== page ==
It’s an interesting data point. I touched on it while writing about immigrant workers in Swedish nursing homes.
In early April, some medical experts estimated that Somalis represented 40% of the coronavirus deaths in Stockholm and 18% of the death toll in Sweden. That may be because of Stockholm’s first 15 coronavirus deaths, 6 of those who died were Somalis. The Somalis have been followed by Iraqis, Syrians, and Afghans as being significantly overrepresented among the ranks of coronavirus cases.
In early April, the Norwegian Institute of Public Health revealed that immigrants made up 1 in 5 cases of the virus and that 1 in 100 Somalis in Norway had tested positive for the virus. A week later, it was 1 in 4. Somalis made up 6% of confirmed cases. And in Helsinki, Finland, Somalis accounted for 17% of cases.
The coronavirus is a recent phenomenon and we don’t have all the answers as to why some groups appear to be more vulnerable to it than others. Researchers have proposed varying explanations for Somali vulnerability from ethnic benign neutropenia, to low vitamin D levels, dense living conditions, intergenerational households, high rates of smoking, and poor language skills.
And now some data points from the UK.
Nearly all the doctors who have died of covid-19 in the United Kingdom have been ethnic minorities, most born overseas, like el-Tayar, according to the British Medical Association.
That grim toll has confounded health experts, alarmed minority physicians, and startled a nation that relies on immigrants to swell the ranks of its public health-care system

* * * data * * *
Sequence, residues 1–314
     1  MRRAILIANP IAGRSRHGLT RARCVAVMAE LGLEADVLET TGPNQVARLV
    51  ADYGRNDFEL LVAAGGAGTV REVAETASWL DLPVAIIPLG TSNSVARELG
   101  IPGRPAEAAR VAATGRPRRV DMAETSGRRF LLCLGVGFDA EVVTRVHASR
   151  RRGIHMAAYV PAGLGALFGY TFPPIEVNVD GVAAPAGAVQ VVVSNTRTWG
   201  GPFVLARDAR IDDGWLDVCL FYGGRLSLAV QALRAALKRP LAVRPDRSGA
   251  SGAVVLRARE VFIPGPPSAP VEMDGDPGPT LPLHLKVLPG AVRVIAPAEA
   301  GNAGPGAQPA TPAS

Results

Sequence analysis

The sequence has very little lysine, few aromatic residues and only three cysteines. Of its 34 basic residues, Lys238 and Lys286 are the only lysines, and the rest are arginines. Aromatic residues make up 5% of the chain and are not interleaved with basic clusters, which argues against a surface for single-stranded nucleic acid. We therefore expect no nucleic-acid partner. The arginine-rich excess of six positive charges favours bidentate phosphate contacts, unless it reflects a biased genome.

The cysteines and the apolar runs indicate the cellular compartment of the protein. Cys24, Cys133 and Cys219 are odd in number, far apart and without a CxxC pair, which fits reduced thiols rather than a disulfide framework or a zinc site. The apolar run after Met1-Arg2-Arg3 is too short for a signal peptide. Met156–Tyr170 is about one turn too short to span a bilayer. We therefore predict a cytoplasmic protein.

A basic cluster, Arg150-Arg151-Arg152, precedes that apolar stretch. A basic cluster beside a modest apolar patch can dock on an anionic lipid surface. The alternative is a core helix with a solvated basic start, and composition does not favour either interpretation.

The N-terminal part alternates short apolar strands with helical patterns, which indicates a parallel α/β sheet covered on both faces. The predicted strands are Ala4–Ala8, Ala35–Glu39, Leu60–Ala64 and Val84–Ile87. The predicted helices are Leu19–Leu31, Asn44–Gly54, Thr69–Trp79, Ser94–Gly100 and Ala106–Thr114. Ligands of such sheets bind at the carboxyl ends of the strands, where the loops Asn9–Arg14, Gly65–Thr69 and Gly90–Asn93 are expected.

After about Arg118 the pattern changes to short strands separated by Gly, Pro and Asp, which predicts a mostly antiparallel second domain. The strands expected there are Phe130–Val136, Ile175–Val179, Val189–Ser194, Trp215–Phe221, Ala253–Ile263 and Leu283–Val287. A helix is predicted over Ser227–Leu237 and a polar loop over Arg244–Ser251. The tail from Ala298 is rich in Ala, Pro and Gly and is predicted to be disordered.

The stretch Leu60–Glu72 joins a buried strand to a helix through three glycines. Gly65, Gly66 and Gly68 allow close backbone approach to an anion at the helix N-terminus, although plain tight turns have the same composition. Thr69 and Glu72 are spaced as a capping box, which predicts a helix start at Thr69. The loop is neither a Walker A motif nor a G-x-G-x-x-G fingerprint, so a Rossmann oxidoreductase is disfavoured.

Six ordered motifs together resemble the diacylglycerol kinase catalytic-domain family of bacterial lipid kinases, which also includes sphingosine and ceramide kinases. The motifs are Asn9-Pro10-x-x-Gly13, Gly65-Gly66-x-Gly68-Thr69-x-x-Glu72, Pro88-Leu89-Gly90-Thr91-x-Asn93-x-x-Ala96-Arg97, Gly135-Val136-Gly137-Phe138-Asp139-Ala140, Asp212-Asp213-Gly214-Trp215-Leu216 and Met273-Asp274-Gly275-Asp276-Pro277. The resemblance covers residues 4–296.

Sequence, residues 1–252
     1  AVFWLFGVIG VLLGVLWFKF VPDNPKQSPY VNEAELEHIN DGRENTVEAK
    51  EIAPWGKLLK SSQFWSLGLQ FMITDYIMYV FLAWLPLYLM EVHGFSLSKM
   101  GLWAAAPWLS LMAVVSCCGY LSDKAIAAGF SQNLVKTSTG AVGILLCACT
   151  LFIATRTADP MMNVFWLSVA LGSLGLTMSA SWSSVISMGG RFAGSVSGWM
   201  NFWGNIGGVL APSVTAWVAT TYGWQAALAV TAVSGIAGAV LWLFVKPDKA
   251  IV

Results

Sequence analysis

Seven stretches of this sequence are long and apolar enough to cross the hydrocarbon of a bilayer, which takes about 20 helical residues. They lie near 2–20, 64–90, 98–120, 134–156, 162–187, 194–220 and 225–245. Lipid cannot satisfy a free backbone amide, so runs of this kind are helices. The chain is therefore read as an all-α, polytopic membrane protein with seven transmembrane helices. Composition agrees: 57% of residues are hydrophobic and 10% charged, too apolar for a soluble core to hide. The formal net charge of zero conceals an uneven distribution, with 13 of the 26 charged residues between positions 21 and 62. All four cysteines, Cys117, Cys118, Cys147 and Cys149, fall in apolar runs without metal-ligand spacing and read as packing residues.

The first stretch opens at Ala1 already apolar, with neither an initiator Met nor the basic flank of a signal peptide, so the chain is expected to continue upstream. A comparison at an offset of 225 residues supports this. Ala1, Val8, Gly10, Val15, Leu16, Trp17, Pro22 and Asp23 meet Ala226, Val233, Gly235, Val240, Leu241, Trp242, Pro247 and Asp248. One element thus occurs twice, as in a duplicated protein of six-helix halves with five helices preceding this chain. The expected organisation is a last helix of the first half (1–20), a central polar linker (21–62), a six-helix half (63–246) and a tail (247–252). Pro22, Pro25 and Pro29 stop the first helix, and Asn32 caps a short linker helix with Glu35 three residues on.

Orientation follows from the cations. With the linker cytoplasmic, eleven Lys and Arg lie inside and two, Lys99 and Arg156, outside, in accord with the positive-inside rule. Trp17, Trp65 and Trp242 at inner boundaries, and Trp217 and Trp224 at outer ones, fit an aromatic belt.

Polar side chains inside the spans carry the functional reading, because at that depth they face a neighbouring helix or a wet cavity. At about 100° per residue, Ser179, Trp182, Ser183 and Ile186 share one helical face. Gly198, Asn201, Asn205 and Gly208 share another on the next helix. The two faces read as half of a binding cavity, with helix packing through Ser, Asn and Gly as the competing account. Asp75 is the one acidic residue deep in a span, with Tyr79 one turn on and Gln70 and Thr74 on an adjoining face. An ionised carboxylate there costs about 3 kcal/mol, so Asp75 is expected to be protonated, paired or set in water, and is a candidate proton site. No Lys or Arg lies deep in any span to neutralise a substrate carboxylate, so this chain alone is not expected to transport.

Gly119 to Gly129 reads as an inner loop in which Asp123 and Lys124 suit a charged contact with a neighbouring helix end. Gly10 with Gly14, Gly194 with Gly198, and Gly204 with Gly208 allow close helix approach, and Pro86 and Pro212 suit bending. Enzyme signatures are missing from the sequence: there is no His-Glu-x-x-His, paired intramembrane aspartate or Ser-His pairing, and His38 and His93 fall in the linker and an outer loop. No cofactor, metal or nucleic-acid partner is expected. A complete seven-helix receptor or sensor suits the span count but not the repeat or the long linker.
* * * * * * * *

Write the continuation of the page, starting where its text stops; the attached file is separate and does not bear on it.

Relying on them might not be a good idea, especially considering the rate of coronavirus infections in hospitals which may be as high as 1 in 5.
An estimated 44 percent of doctors in Britain are from ethnic minority backgrounds, significantly higher than the 13 percent in the population at large. Last year, more than half the new doctors who registered in Britain were born overseas.
But experts say it’s still baffling that 93 percent of the doctors who have died of covid-19 were ethnic minorities.
It is baffling. It shows that there’s still plenty we don’t know about the virus.
People of African and Middle Eastern origin do appear to be more susceptible to the disease. Some of the doctors in question however were from Pakistan and India.
According to a Guardian newspaper analysis, more than 180 health workers have died of covid-19, the majority of them ethnic minorities. Another analysis of 106 National Health Service deaths found that two-thirds were among ethnic minorities.
These numbers are striking. And looking deeper into what they mean would be more helpful if the media didn’t, as usual, pivot to false claims of racism.
The NHS numbers do seem to show a high rate of Asian deaths among NHS workers. Unlike the US, this is more likely to mean Pakistani. Health care workers born in the Philippines however seemed to have the highest death rate.
Reblogged this on Boudica BPI Weblog.